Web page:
Child custody is often the most contentious issue couples face when they decide to end their marriage. However, once custody arrangements have been determined, child support may cause disputes between parents as their hard-earned assets are at stake. It’s a common misconception that the non-custodial parent is not liable to pay child support if their income is less than that of the custodial parent. However, that is not always the case. Please continue reading to learn how child support is handled when the custodial parent has a higher income and how an adept Rockland County Child Custody Attorney can help you today.
How is child support determined in New York?
In New York, child custody is generally awarded to the custodial parent, meaning the non-custodial parent must provide financial support to cover the expenses related to a child’s basic needs, including housing, healthcare, transportation, education, and more. The court uses the New York Child Support Standards Act (CSSA) to calculate child support. This formula equitably distributes the financial responsibilities of raising a child among parents. The CSSA uses a combined percentage of the parent’s incomes, with a maximum of $148,000, and allocates the support between parties in proportion to each income. The percentages are as follows:
- One child- 17%
- Two children-35%
- Three children-29%
- Four children-31%
- Five or more children- no less than 35%
However, it’s imperative to note that the above formula is not the only factor contributing to the allocation of child support. Generally, the court will also consider the following when determining child support payments:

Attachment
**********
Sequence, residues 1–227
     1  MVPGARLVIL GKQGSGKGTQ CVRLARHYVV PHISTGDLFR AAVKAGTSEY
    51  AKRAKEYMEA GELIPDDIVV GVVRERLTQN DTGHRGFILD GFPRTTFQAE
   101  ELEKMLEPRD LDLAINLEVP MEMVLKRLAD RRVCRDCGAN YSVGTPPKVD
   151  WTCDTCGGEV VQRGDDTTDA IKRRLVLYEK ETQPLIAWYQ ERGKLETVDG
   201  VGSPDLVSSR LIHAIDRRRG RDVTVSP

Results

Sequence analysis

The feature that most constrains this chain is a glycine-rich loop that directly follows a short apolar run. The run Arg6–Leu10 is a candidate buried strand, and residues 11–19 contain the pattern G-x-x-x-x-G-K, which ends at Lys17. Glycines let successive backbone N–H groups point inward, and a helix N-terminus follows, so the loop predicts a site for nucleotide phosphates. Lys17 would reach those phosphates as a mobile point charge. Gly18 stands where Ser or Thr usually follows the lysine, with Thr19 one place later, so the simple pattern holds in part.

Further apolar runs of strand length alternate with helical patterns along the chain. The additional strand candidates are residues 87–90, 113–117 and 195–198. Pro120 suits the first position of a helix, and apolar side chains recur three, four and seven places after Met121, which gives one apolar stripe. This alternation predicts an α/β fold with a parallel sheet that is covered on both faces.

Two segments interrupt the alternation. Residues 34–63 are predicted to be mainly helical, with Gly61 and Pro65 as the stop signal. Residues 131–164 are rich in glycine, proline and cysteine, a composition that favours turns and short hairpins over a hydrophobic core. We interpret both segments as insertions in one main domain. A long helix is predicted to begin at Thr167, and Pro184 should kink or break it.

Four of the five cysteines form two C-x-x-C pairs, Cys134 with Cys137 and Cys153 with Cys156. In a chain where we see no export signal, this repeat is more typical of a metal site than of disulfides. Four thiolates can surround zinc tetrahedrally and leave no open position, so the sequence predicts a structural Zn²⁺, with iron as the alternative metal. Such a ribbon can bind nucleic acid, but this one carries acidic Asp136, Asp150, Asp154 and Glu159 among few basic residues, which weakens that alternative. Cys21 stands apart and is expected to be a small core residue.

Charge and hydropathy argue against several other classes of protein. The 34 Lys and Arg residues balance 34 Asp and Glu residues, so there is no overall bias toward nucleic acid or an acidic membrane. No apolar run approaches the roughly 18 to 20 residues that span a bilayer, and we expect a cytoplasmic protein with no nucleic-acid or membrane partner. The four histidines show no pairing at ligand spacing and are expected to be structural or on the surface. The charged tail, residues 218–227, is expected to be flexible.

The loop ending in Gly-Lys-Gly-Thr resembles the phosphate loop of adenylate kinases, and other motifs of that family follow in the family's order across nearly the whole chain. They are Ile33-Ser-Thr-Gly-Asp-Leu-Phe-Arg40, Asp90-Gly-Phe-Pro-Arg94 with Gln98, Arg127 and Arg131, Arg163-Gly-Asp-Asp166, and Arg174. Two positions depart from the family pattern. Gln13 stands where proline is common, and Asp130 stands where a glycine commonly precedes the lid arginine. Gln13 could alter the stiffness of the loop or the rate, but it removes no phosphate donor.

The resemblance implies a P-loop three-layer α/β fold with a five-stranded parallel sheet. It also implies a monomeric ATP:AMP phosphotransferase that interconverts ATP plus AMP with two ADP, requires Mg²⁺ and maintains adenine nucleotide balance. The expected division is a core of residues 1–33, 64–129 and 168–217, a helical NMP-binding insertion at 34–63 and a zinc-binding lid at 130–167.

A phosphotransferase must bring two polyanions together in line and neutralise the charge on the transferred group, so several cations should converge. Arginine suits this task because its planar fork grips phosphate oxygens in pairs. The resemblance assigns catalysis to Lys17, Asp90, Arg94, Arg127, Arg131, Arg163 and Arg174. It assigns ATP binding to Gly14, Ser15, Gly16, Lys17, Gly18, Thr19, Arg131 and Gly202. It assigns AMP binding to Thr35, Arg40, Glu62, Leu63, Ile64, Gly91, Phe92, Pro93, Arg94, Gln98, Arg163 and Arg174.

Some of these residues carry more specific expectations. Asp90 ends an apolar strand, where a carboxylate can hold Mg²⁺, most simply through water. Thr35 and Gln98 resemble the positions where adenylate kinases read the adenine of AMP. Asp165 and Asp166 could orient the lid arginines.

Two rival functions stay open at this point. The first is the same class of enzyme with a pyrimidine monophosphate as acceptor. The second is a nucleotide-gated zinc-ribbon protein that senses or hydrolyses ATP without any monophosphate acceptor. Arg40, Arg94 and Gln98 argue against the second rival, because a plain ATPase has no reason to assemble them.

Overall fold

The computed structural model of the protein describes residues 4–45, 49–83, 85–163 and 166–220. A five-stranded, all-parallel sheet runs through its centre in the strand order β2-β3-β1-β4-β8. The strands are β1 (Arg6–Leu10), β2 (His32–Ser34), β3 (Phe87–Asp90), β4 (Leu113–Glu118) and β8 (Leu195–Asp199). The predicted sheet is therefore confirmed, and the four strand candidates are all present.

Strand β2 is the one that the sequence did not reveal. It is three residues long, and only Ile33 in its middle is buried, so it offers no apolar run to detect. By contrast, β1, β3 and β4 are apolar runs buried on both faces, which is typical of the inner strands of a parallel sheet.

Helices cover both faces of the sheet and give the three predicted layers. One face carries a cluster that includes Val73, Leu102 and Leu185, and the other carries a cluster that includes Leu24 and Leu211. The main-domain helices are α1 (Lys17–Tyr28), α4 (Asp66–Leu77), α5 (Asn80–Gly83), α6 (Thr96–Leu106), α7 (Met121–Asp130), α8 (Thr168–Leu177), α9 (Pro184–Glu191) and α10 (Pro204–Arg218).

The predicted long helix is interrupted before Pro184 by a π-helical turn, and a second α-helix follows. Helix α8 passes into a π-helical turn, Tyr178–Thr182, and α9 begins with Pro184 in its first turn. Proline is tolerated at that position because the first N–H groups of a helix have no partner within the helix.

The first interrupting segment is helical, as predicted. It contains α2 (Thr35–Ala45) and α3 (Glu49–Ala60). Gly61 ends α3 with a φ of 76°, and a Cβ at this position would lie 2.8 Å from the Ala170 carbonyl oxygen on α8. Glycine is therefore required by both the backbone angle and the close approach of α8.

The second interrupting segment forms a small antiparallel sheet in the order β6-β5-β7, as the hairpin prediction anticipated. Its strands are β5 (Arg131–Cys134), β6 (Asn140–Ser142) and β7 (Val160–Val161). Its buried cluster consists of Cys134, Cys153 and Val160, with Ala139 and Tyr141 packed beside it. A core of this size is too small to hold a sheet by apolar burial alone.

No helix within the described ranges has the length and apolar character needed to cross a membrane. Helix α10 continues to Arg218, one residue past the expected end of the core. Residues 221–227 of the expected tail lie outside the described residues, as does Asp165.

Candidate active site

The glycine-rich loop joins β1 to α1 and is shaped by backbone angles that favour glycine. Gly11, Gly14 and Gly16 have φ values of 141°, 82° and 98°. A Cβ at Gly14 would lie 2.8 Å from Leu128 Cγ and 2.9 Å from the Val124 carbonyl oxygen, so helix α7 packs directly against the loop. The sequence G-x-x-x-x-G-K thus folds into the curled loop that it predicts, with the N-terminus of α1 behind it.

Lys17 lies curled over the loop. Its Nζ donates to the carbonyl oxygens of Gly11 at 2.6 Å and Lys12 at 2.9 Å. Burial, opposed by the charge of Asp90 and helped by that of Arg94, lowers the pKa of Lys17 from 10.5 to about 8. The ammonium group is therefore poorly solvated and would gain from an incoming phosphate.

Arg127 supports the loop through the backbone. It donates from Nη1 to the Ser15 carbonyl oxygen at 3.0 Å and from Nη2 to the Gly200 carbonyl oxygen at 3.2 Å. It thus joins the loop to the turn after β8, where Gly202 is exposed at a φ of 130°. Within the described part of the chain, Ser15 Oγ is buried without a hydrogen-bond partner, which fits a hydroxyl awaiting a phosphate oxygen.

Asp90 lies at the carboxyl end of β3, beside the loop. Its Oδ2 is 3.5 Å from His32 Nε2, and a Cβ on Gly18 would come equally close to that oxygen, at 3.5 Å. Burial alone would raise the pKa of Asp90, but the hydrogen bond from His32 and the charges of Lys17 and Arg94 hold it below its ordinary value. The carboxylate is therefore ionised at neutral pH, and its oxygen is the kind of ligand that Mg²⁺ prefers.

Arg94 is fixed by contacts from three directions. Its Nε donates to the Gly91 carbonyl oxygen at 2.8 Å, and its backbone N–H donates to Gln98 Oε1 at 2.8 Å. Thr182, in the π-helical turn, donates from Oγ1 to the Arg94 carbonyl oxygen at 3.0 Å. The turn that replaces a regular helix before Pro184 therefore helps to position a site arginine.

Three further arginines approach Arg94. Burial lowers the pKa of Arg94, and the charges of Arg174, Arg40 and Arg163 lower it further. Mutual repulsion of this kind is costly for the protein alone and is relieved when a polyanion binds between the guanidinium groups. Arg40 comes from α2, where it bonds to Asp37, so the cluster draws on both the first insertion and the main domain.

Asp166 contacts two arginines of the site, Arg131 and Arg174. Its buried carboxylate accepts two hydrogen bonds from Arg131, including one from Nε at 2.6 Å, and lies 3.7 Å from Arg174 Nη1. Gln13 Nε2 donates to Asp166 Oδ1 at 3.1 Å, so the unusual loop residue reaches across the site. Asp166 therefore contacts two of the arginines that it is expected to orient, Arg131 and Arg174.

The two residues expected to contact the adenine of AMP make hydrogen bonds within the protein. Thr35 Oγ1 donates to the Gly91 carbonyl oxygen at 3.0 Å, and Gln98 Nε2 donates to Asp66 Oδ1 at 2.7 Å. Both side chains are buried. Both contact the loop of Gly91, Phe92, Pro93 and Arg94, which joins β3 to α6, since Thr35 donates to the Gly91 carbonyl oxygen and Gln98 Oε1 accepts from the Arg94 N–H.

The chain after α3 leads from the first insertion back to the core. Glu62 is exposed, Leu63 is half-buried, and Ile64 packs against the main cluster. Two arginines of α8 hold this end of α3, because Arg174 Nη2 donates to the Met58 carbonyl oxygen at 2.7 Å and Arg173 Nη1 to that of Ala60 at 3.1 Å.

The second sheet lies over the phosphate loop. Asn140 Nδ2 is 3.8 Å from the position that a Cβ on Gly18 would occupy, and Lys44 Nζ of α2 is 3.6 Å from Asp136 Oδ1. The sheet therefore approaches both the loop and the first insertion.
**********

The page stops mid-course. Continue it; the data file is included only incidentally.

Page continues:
- Each parent’s earning capacity
- Each parent’s work history and educational background
- Each parent’s assets and liabilities
- The age and health of the child
- The needs of this child
- The tax consequences
- The standard of living the child would have received if the parents stayed together.
- Whether one parent earns substantially less than the other parent
- Any other relevant factors
What if I make more money than my child’s other parent?
The court holds both parents financially responsible for their children regardless of whether one parent makes significantly more than the other. If the custodial parent has a substantially higher income than the non-custodial parent, that does not mean that the non-custodial parent will not have to pay child support. The non-custodial parent is still legally obligated to support their child’s basic needs financially.
Ultimately, even if you make more money than your ex-spouse, they must still pay child support. If your former spouse is not complying with their child support obligation, please don’t hesitate to contact a talented attorney from The Law Office of Peter L. Jameson, PLLC, who can fight on your behalf for the best possible outcome.